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Author Topic: Copyright Law of the United States of America  (Read 1008 times)
isthisthingon
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« on: November 16, 2009, 06:20:06 PM »

http://www.copyright.gov/title17/92chap5.html

It's massive and personally I think it's barely even readable in many sections.  I haven't read the entire document, but this section was alarming and confirms what I've read elsewhere regarding unreasonable remedies for copyright infringement:

Quote
(c) Statutory Damages.
(1) Except as provided by clause (2) of this subsection, the copyright owner may elect, at any time before final judgment is rendered, to recover, instead of actual damages and profits, an award of statutory damages for all infringements involved in the action, with respect to any one work, for which any one infringer is liable individually, or for which any two or more infringers are liable jointly and severally, in a sum of not less than $750 or more than $30,000 as the court considers just.

So here's the issue for me.  The real protection should be against having someone profit from an artist's work against the will of the artist.  What's happening here is that for those who have done nothing but created a copy of a song to hear - or just to see if it's the song they were even looking for, a jury must choose a penalty of between $750 and $30,000 at a minimum, since various subsequent fine doubling and other clauses apply as well.  So let's say you've just joined Limewire Pro and searched for songs and began downloads.  Furthermore, the names of these songs are frequently inaccurate.  You could be looking for "shake it up" and wind up with a thousand matches that look perhaps close to what you're looking for.  Let's assume an inexperienced user enters "Shake" and get's the first 1000 songs in the result set.

Well little Bobbie Bad Fortune wakes up to the following possibility:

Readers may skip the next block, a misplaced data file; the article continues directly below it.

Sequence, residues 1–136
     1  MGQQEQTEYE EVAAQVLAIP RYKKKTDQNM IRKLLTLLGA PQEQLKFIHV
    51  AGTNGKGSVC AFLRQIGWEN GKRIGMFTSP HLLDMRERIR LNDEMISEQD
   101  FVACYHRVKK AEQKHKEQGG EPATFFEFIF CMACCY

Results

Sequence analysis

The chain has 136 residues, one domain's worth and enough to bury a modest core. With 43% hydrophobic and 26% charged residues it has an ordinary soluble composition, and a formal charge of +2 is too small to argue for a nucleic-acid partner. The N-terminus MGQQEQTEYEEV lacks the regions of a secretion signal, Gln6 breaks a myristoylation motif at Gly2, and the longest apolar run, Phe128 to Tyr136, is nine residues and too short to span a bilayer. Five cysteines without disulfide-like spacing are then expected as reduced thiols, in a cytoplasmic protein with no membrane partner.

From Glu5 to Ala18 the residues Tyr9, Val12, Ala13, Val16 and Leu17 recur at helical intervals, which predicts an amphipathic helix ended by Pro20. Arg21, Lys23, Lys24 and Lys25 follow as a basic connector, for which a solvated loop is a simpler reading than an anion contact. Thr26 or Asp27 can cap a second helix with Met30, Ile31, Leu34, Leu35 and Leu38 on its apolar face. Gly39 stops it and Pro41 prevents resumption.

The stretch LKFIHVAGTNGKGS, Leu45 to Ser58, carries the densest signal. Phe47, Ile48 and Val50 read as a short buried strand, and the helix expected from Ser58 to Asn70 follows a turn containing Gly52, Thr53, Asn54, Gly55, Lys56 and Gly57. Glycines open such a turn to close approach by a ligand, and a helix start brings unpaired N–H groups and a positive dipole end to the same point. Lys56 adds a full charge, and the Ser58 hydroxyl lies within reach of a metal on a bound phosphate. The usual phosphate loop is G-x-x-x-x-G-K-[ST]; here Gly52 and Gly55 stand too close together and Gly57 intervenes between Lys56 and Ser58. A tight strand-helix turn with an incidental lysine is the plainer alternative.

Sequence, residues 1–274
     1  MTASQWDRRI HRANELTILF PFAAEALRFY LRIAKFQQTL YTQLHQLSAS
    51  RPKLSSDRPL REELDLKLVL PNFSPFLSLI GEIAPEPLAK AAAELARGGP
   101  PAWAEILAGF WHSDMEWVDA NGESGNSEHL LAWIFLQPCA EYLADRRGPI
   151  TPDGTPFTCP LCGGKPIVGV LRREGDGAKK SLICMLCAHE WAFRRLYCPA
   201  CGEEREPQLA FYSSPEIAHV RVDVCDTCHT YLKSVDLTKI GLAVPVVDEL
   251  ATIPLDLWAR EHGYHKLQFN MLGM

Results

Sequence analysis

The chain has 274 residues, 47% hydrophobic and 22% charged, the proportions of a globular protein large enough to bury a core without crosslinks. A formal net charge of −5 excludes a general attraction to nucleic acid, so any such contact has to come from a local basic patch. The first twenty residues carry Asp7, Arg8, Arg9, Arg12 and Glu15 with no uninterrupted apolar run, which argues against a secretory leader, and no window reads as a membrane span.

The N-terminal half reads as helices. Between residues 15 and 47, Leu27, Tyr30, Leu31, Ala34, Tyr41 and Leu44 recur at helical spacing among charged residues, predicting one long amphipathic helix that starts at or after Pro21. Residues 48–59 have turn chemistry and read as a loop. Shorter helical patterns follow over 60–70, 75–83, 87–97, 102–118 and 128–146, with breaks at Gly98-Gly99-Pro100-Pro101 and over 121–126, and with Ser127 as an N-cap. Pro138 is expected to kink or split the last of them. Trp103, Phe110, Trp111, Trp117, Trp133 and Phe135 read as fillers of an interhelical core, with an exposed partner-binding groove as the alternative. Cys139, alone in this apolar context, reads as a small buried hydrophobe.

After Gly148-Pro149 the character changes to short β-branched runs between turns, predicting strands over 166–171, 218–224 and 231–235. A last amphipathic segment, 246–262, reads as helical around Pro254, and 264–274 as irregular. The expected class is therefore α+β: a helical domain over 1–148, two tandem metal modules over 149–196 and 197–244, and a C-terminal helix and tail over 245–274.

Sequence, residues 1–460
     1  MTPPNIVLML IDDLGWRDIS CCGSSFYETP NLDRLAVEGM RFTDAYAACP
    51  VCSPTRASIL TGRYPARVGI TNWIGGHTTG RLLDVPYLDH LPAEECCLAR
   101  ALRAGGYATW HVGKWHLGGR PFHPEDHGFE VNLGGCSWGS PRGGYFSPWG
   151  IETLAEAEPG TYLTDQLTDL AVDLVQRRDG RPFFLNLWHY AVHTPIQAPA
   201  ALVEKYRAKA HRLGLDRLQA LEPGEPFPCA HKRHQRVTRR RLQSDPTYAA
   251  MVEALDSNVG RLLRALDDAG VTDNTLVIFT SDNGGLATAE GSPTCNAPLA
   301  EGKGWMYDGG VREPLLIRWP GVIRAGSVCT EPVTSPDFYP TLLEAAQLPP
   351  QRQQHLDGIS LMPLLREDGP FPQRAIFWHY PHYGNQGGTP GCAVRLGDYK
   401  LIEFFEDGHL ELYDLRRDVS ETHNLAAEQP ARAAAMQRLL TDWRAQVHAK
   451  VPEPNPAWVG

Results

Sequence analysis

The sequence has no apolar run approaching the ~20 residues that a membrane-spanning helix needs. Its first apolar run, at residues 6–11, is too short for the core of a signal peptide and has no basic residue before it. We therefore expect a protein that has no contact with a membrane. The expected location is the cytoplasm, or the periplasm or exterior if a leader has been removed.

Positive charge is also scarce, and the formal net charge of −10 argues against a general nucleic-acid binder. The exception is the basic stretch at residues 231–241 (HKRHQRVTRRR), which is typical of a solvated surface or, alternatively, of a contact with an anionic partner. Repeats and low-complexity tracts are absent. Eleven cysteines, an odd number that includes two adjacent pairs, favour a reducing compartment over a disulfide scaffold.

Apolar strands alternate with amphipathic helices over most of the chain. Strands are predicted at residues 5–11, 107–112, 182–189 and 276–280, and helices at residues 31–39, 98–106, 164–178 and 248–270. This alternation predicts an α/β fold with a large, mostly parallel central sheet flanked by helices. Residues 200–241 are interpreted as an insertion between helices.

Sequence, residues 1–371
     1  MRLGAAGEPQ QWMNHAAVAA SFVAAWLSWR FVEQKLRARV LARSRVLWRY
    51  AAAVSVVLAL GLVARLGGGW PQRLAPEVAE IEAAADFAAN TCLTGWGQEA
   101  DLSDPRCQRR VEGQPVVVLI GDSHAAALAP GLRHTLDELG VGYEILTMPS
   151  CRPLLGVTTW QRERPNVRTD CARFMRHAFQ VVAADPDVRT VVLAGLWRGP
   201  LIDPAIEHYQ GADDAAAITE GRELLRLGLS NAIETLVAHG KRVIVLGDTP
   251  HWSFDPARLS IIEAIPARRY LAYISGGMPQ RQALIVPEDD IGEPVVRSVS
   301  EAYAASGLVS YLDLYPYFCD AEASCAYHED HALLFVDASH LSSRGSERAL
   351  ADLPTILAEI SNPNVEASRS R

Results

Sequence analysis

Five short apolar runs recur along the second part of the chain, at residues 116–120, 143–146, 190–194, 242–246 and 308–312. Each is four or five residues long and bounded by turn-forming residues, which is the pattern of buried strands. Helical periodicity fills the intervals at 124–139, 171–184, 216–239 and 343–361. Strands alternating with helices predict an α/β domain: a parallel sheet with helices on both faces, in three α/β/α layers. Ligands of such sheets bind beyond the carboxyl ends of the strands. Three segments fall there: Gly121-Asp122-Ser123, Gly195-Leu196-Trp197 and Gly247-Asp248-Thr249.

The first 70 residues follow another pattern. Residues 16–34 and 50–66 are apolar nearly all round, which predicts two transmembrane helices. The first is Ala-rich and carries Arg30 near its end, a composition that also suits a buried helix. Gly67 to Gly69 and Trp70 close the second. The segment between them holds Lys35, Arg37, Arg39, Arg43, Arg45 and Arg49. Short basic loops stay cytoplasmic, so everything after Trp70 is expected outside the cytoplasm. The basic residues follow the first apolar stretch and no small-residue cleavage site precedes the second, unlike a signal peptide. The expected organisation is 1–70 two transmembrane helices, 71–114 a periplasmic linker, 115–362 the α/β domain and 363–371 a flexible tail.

Average $750 with $30,000 = $15,375.  Let's go conservative and stick with $10,000 per.  Now we're looking at 1,000 songs so that would be a $10,000,000 fine Shocked

In reality the jury looks at the situation so they may be kind enough to low ball the offense.  With a jury of kindhearted peers we're still looking at a mandatory fine of $750,000  Shocked

Oh and just in case you were wondering, it's not an individual artist funding this lawsuit.  It's the record company, or the "owner" of the copyright.  Therefore the rewards will be sent directly to them and not the artists, for the most part.  Is there someone left in this world that sees this as fair, helpful, or in any way a good thing?  And just imagine if these philanthropic record companies decide to filter by suspected capacity to pay for these "infringements?"

Here's to their bankruptcies  Violin
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kurdt
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« Reply #1 on: November 17, 2009, 12:35:49 AM »

Yeah.. copyright laws are usually mix of old crap combined with new digital restrictions which all sum up to unreadable, not understandable and not sense making "law". We have same kind of situation here in Finland. We have this ex-model turned "politician" Tanja Karpela Jackoff who forced this ridiculous copyright law thru the government few years ago and now everybody is paying for it. The finnish copyright law now is so badly written (thanks to Karpela) that even lawyers can't always interpret it correctly. For example it prohibits the decryption of "powerful encryption mechanism" but nobody can tell you what is "powerful encryption mechanism". First court said that CSS in DVDs is not "powerful" because decryption software is available freely in the internet but then later court decided it was powerful all the sudden. Also because we are part of EU we should have pretty much the same overall legislation but yet again copyright law breaches this and Karpela forced the law thru when we were already in EU.

Funny thing is that if you buy original CD from the record store, you can't put those songs to your iPod if CD uses some sort of copy prevention. Not to mention that our copyright law basically prohibits backups if original material is protected. This was excellent news for families with children because as many of you know, children are excellent in taking care of optical media.

Well as you can imagine, nobody actually respects these laws here because they are so unreasonable.

But yeah, at least we don't have those kinds of fixed fees...
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isthisthingon
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« Reply #2 on: November 17, 2009, 09:33:40 AM »

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This was excellent news for families with children because as many of you know, children are excellent in taking care of optical media.

 ROFLMAO  That they are.  Ever wonder if the natural degradation of and accidental destruction of various forms of media is part of the profit picture for these folks?  DRM even expires along with the PC that is "licensed" to play the song.  So give it a few years and some will be purchasing the same music again.... and again.

Sorry to hear about the wonderful Tanja Karpela.  Sounds like Sarah Palin  ROFLMAO

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